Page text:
Up early the next morning and my breath was taken away to see the beautiful mountains around us that we hadn’t been able to enjoy in the dark the night before. 

We found breakfast in a small shop on the main square and then headed off in the direction of the trail. 
Cabanaconde's main square - and the only Condor we would get to see at the Colca Canyon :-(
We followed a herd of sheep and their shepherd out of town and we were joined by a limping dog who helped us find the beginning of the path from where we could see down into the valley and across to the oasis town where we planned to stay the night. We had hoped to see a condor or two, as this area is renowned for them and morning is the best time to see them but it wasn't to be.

Walking towards the start of the trail with the dog

Walking out of town
Our route down to our first rest stop at San Juan took us around 3.5 hours. We passed maybe one or two tourists coming the other way, as well as a couple of locals transporting goods with the help of mules. It was very peaceful and picturesque, if a little wearing on the knees! 

We were very pleased to successfully find the start of the trail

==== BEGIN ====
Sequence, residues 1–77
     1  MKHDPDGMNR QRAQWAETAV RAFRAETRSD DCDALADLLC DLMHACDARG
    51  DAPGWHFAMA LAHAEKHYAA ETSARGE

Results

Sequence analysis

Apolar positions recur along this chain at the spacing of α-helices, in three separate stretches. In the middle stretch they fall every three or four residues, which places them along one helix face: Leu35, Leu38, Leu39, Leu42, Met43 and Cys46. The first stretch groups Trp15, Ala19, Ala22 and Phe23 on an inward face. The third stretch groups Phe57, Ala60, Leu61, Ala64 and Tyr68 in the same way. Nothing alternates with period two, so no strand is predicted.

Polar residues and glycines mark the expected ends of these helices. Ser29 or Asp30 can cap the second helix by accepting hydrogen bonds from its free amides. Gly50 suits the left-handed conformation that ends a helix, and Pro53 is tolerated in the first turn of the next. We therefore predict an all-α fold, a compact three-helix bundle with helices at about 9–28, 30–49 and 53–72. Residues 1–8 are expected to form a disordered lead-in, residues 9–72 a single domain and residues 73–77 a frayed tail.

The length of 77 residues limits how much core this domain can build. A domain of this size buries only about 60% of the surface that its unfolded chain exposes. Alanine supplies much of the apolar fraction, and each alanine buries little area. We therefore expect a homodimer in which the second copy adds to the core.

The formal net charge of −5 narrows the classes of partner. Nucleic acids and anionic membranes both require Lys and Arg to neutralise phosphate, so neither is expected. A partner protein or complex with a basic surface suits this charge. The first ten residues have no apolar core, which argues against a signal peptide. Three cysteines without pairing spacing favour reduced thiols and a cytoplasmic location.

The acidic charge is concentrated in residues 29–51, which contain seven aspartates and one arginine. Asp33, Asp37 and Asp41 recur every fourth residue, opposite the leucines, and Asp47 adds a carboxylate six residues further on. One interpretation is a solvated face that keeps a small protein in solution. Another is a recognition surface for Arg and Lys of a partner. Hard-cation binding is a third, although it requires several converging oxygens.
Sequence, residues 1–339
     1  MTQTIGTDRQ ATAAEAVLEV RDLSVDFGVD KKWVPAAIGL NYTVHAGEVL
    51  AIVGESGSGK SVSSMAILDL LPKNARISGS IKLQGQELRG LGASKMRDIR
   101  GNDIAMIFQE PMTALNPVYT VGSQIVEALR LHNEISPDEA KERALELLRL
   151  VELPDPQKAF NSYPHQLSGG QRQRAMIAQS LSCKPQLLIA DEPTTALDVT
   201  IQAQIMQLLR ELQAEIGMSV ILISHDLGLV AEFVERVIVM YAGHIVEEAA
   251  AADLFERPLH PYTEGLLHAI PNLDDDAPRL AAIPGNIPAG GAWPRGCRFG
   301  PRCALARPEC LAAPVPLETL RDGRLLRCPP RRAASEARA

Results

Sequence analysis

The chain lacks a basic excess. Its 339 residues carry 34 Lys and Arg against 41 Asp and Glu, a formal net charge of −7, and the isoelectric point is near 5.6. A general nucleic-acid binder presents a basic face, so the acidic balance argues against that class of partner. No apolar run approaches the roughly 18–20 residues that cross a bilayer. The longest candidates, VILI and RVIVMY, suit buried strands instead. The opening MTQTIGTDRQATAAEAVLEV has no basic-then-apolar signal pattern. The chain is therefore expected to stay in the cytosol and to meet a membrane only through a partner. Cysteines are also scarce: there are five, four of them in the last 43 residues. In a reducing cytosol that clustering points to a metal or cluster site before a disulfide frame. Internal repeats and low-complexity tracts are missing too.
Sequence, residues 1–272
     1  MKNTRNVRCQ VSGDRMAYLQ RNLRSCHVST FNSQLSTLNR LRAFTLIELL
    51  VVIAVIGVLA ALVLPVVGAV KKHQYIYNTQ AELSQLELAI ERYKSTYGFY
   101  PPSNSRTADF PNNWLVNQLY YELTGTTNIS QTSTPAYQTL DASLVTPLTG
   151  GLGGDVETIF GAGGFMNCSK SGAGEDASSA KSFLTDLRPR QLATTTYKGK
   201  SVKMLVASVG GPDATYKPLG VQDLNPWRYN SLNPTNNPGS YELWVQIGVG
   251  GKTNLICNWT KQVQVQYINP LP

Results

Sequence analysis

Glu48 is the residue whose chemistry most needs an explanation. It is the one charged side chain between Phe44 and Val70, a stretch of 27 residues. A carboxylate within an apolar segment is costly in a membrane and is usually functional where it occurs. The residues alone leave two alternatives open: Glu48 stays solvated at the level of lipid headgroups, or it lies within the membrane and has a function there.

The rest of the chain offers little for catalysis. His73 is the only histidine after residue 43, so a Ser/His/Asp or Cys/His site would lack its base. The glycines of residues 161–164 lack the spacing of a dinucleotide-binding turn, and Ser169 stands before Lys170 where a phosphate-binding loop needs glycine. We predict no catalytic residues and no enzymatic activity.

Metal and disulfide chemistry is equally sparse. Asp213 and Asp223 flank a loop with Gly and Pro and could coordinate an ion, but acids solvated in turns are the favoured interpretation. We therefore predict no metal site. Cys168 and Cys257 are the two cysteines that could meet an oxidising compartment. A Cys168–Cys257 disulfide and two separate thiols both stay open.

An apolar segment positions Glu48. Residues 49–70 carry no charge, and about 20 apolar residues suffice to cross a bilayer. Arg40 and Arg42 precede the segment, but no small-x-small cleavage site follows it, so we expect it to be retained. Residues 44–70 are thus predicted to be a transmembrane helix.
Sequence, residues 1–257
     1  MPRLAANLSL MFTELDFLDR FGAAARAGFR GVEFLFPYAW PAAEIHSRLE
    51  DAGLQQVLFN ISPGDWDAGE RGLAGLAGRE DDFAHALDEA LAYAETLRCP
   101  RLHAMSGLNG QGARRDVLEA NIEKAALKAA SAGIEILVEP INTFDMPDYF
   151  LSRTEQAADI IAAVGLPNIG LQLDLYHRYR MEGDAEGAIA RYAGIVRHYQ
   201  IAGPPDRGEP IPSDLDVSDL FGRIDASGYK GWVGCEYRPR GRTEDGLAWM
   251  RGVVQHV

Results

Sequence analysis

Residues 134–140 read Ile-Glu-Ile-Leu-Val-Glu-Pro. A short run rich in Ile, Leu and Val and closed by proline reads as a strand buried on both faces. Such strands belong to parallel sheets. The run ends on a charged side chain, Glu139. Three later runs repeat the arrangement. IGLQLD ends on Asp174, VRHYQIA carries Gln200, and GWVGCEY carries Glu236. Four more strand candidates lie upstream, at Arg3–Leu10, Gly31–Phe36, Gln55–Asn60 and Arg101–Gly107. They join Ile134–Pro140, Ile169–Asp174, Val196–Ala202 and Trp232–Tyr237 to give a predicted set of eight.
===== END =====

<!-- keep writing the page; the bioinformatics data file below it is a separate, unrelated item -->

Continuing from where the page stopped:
Stopping for a drink we met Nick and Marshall – an American couple doing the same walk as us. They had also found themselves a dog to accompany them on their walk and when they got up to continue, our dog left with them, abandoning us to do the rest of the walk by ourselves.

We continued on through pretty countryside and small villages - many of which are unreachable by road - enjoying the panaromic views around us. 

The women in this area of Peru wear embroidered hats and colourful skirts and all were warm and friendly towards us as we passed through and around the canyon and made our way to the oasis at the bottom.
Finally arriving in the oasis at around 3.30/4pm, we found ourselves a hut for the night and jumped into one of the swimming pools to cool off, before rewarding ourselves with a cold beer, which we assured ourselves we deserved.

The next morning we were up bright and early for the gruelling 3 hour walk straight up back to Cabanaconde and our bus back to Arequipa. It was possible to cheat at this point and hire a mule for the way back up, but we puffed our way to the top. This was good preparation for the Inca Trail, although it didn't feel like it was good for anything at the time! 

The zig-zag path was our route out of the canyon - my knees are grimacing just looking at it!
All in all, it was a very successful trip. We saw very few people, even fewer tourists and it felt like we had the whole canyon to ourselves at times.
And then it was back on the bus to Arequipa, where we spent a few more days relaxing, before heading to Cusco.

Related posts
To find out about our accommodation choices, while in Peru, see Where we stayed - Peru.
For info on eating as a vegetarian in Peru, see Being Vegetarian in Peru.
To find out more about our visit to Arequipa, see A visit to the White City (and the search for El Misti)